Fall 2007 Update: Summary of Spring Conditions of the Northeast Shelf Ecosystem

This advisory is an examination of temperature and plankton conditions associated with the Northeast Shelf Ecosystem during the spring of 2007.  The spring bloom, and its antecedent winter production period, is pivotal to the recruitment process of many resource species.

  • During fall into winter of 2006-2007, sea surface temperature (SST) was warm in the Northeast Shelf Ecosystem, with the exception of Georges Bank where late winter was noticeably cooler. During the spring of 2007, SST tended to be cool in all subregions of the Shelf with the most extreme cooling occurring on Georges Bank.
  • The spring bloom was of higher intensity, i.e. with higher chlorophyll concentrations, in all subregions of the Northeast Shelf Ecosystem. The blooms were of average or less than average duration, so bloom magnitude was not particularly high.
  • Spring blooms in the Gulf of Maine and on Georges Bank had been occurring later in the spring in recent years, however, both the 2006 and 2007 blooms commenced closer to the average bloom start date in both subregions.
  • Zooplankton biomass was at lower levels during the winter of 2006-2007 both for the entire ecosystem and in each of the four subregions. During fall of 2006, ecosystem wide biomass was near average while it was above average in the southern subregions, near average on Georges Bank, and below average in the Gulf of Maine.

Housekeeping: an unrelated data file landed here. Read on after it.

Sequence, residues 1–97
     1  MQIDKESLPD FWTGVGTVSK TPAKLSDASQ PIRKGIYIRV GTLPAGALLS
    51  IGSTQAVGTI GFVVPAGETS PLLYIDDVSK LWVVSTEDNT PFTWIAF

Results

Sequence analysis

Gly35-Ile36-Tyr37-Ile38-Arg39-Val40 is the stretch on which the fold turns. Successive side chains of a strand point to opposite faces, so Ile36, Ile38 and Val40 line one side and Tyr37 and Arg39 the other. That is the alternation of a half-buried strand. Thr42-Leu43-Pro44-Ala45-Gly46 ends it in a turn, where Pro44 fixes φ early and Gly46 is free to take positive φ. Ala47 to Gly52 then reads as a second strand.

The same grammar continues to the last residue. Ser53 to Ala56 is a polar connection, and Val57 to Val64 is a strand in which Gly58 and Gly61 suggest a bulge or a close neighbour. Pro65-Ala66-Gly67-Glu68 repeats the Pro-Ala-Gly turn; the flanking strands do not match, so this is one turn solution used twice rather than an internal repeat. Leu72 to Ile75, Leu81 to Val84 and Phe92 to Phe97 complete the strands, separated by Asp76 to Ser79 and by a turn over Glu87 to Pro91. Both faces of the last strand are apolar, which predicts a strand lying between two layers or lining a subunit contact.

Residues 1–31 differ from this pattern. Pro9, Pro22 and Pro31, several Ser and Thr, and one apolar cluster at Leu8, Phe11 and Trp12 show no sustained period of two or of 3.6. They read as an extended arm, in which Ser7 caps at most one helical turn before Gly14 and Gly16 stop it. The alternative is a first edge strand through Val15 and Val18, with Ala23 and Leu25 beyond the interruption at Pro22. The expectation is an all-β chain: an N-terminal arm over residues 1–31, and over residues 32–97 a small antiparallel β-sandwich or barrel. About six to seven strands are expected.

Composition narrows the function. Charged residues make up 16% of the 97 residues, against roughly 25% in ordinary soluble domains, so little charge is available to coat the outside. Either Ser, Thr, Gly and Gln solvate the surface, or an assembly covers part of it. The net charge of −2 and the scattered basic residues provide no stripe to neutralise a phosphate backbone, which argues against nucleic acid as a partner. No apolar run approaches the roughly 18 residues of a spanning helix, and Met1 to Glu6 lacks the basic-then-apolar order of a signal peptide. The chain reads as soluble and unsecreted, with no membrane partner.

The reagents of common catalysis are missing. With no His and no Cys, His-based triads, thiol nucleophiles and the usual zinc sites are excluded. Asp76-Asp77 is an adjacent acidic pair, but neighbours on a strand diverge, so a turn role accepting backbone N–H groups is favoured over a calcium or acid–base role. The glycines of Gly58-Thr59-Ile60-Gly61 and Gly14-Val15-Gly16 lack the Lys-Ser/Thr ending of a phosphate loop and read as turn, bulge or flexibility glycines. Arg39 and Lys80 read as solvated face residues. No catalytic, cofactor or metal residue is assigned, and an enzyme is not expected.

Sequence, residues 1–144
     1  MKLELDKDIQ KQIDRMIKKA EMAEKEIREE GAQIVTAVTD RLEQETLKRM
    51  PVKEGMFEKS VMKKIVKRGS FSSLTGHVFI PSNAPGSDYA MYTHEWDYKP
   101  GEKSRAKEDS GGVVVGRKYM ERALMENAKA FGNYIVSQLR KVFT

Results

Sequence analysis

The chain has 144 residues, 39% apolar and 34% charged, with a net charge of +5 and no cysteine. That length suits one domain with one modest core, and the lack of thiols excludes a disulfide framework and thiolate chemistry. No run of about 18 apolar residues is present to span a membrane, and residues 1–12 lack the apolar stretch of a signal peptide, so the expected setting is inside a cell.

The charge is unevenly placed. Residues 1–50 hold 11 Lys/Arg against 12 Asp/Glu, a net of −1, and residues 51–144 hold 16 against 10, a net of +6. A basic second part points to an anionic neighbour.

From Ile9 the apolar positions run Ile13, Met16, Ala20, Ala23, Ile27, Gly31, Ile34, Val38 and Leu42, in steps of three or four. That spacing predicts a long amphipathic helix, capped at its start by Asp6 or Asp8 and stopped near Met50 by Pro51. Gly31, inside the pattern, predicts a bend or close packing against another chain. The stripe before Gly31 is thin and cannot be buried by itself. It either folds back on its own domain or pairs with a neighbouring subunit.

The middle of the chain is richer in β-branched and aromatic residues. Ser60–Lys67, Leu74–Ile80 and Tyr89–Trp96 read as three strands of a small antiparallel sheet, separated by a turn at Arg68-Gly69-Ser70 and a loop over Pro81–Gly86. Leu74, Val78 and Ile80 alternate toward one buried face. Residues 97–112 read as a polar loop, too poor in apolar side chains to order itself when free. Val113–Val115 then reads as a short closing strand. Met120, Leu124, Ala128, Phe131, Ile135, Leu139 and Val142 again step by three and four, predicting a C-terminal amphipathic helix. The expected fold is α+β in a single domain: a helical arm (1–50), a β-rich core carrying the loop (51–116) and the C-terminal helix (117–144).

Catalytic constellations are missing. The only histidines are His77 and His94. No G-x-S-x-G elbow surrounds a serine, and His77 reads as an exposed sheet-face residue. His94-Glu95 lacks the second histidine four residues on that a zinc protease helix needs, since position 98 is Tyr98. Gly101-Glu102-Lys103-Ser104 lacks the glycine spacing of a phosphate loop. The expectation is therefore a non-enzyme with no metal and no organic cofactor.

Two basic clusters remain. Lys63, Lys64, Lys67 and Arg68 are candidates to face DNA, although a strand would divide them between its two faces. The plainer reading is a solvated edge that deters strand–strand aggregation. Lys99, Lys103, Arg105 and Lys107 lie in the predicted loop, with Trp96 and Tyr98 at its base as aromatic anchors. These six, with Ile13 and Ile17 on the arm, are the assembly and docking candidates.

• Springtime abundance of larger phytoplankton is at low levels in the Gulf of Maine, based on the Ship of Opportunity Program color index. Similarly, springtime abundance of smaller copepods (e.g., Oithona spp) is also at lower levels. Abundance of Calanus in the spring, however, remains at or slightly above average.
  • Results of climate change modeling done by the Canadian Centre for Climate Modeling and Analysis suggests that sea surface temperature will increase on the Northeast Shelf. The focus of the highest anticipated change is the Gulf of Maine. Under most climate change scenarios, the Gulf of Maine is expected to increase in temperature on the order of 2-4°C. However, under the scenario with the highest greenhouse gas loading, the change in SST could be as high as 7°C.
  • There has been an increase in cannibalism in the northern stock of silver hake.

Data Sources
Spring Conditions on the Northeast Shelf Ecosystem
Spring Condition by Shelf Subregions
Spring Sea Surface Temperature Distribution
Spring Chlorophyll Distribution
Timing of the Spring Bloom
Ship of Opportunity Data-Dominant Zooplankton Species
Potential Changes in Northeast Shelf Climate
Silver Hake Cannibalism

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(File Modified Apr. 19 2017)